There’s understandable reluctance to say that “trans men don’t have male privilege before they’re read as men” because it could imply an inverse “trans women don’t face misogyny until they’re read as women” or even worse that “trans women have male privilege until they’re read as women”, but this isn’t true. Trans femininity and trans masculinity are not opposites in patriarchy. Both are differently punished. This is very difficult to bring up for fear of treading on trans women, and because trans mascs have years of internalized shame and discomfort with masculinity.
Identity policing, whether it’s in-person at meetings or written to exclude certain ID labels, will keep some people away from the space who have relevant and valuable contributions to the discussion. Even saying “no cis men” will keep out amab trans people who aren’t ready yet to claim a trans identity. Baby queers and baby transes need space where they have plausible deniability as straight/cis to explore their non-normative identities. Instead of policing identity labels in order to keep out the wrong people, may I suggest: doing lots of housekeeping to frame the discourse so those who choose to participate are self-selecting as feminists who know when to speak and when to listen; and removing people from the space based on their behavior rather than your perceptions of their identity, e.g. if they’re taking up too much space or being aggressive.
It would be simplest for Sisters if you decided that the purpose of the group is to empower and help women, and only women, in protesting the closure of domestic violence services. This would make Sisters a still-valuable group, but ultimately it’s a cop-out. I would be surprised if Sisters is comfortable with the compromise of excluding people who suffer gendered violence for the sake of maintaining the purity of a No Men Allowed policy. Sisters Uncut has already made controversial but important decisions, such as supporting sex workers’ groups in demanding the decriminalization of sex work. You like doing the hard work and being at the forefront of feminism. It would be deeply disappointing for Sisters to take a reactionary, second-wave feminist stance on gender. Assuming that trans men are inherently violent because they identify with masculinity, or that they’re “gender traitors” for “abandoning womanhood”, is the kind of TERFy bullshit I hope we can wholly reject. Our language is utterly inadequate and will never capture the nuance of our lives but that’s no excuse. You (we) need to be better.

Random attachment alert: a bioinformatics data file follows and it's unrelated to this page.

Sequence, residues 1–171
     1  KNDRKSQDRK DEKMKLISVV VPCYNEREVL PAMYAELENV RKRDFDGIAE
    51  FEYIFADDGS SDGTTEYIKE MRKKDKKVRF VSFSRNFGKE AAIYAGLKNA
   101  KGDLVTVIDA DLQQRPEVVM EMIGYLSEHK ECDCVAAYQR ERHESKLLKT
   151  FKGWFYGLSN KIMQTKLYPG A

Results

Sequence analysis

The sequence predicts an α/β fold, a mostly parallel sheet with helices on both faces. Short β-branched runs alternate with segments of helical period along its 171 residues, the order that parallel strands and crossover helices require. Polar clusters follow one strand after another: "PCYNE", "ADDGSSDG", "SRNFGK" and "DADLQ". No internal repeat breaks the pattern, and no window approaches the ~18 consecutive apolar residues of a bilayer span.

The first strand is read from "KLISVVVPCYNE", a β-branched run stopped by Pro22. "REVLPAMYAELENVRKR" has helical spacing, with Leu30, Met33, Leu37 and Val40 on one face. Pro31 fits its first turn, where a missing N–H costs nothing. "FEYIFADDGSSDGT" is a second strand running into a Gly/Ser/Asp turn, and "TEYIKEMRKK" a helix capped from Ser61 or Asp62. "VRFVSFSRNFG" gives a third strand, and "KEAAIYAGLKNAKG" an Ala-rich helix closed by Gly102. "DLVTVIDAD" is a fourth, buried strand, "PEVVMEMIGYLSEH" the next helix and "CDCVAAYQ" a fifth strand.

I would bring this discussion to the occupied space itself, but at this point I don’t feel comfortable there even when specifically invited by Sisters who have been active in your organization for months. If a group purporting to support survivors in demanding the end to austerity cuts for DV services excludes trans and non-binary survivors like me, it’s failing in its objective.
With fondness and in acknowledgement that this will literally lose me friends (oh well),
Post script: I’d also critique the inclusion of “gender non-conforming people” as part of the gender inclusion policy. A cis man in drag is gender non-conforming, but he does not experience gendered violence (though he does experience violence from patriarchy which insists that he repress his femininity, which might manifest in physical violence). “Gender variant” is a more appropriate term, but still unnecessary since you explicitly include “non-binary”, but I’ll concede that “non-binary” is a new and very western term and I might be missing some context.
EDIT, 4 July 2016: The following is some more context, lifted from a comment I made in the conversations on facebook: